Why the middle class is doing even worse than you think


One of the great mysteries about the U.S. economy today is the discrepancy between the objective and subjective pictures we have of the middle class. The numbers say that the middle class is doing OK or even improving its lot; middle class families themselves say they’re being crushed under economic hobnail boots.

Two economists at the Federal Reserve Bank of St. Louis have found the reason for the disconnect. It’s a matter of definition, not statistics, according to William R. Emmons and Bryan J. Noeth, whose analysis has just been published by the bank. Their basic findings are that, yes, median income -- that is, income in the middle of the distribution -- has been stable; but the middle class genuinely is falling behind that mark. In America, middle class has been defined downward.

The disconnect comes from the different approaches of economists and sociologists to defining the middle class. Economists do it by the numbers, typically defining the middle class as households with income roughly 50% higher and lower than the median. Based on a median income of about $52,000 in 2013, the latest figure from the Census Department, that places the middle class in a range of $26,000 to $78,000.


Sociologists, according to Emmons and Noeth, define the middle class “by evaluating demographic dimensions like race, education, occupation, and status.”

They combine the approaches and solve the mystery. In effect, they’ve shifted from defining middle class as merely anyone earning a middle-income to defining the class as a fairly stable demographic group and looking at how it’s doing relative to middle income.

By defining the middle class demographically, they find that families falling into the murky category of “neither rich nor poor” are under much more crushing economic pressure than the sheer numbers indicate.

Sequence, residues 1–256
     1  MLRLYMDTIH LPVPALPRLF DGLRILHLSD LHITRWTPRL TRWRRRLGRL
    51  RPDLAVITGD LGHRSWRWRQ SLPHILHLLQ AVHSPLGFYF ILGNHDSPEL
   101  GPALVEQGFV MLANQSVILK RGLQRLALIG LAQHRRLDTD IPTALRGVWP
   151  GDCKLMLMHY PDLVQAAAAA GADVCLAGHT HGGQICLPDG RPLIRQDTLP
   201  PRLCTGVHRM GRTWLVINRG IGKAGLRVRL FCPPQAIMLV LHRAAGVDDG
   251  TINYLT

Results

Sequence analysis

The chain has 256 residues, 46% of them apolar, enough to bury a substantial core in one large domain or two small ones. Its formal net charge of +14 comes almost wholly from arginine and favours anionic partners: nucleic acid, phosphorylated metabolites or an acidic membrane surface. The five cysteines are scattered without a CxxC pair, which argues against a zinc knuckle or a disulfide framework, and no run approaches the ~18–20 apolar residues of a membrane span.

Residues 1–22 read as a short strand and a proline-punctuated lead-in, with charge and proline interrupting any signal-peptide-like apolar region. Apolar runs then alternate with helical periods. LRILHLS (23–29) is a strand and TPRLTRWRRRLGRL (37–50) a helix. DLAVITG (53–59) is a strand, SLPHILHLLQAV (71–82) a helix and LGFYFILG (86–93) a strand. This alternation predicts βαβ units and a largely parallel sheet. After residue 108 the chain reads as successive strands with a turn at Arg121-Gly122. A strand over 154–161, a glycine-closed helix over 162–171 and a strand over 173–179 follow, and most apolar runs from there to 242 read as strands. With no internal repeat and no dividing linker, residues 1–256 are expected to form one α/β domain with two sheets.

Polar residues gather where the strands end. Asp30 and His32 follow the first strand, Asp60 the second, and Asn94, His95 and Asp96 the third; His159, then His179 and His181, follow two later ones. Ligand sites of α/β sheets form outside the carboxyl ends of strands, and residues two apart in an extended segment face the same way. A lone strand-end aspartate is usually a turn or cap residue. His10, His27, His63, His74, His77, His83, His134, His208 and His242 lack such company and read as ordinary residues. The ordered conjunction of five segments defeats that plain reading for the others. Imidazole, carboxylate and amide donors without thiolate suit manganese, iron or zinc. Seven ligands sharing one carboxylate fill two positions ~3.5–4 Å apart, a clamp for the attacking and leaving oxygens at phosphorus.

“In effect,” they write, “the bar has been rising to remain near the middle of the income and wealth distributions.”

Let’s start with the economists’ view of middle class. If it’s those at or around middle income, then the position of those families hasn’t improved or deteriorated much over time. Adjusted for inflation, U.S. median income was about $48,000 in 1984, peaked at $56,900 in 1999, then settled back to $52,000 in 2013. The non-inflation-adjusted figure has been on a steady rise from $22,400 in 1984. (See accompanying chart.)

Who are these families? Emmons and Noeth examined the characteristics of households headed by someone aged at least 40, since younger families may not have completed their education or settled into long-term earning and wealth patterns. They define middle-class households as those with near-average income and wealth, headed by a white or Asian with a high-school diploma, no more or less, or by a black or Hispanic with a two- or four-year college degree.


These households are sandwiched between “thrivers,” families with above-average income or wealth, headed by someone with a two- or four-year college degree “who is non-Hispanic white or Asian”; and “stragglers,” headed by someone without a high school degree or, if black or Hispanic, a high school diploma at most.

One laudable feature of this breakdown is that it puts the socio- into socioeconomic by recognizing the effect of ethnicity on economic status. Whether because of discrimination or other factors, the authors acknowledge that black and Hispanic families “have significantly lower income and wealth than their similarly educated white and Asian counterparts.”

By measuring the income and wealth of each of those groups against the economists’ median standard, the authors show exactly what’s happened to the economics of American households. The median income of the demographically defined middle class hasn’t been as stable since the 1980s as the numbers suggest. It’s 16% lower now than it was in 1989; relative to the overall U.S. median, it’s down by 21%. To put it another way, the sociologically defined middle-class family ranked at the 55th percentile of U.S. income earners in 1989; by 2013 it had fallen to the 45th percentile. If you’re riding in that car, it’s a steep drop.

The same trend shows up in wealth; the middle class has fallen short by about 24% of overall median wealth since 1989.

As for what all this means, the analysis by Emmons and Noeth underscores the importance of higher education in improving household status. That’s a crucial insight for policy-makers, who have been complacently watching public higher education get ruthlessly squeezed by state governments and private higher ed priced out of the reach of the middle class.

Better-educated families, they add, make better financial decisions, which further enhances their standing. And discrimination and other factors that reduce educational attainment by blacks and Hispanics also speed those households’ slide down the economic pole.

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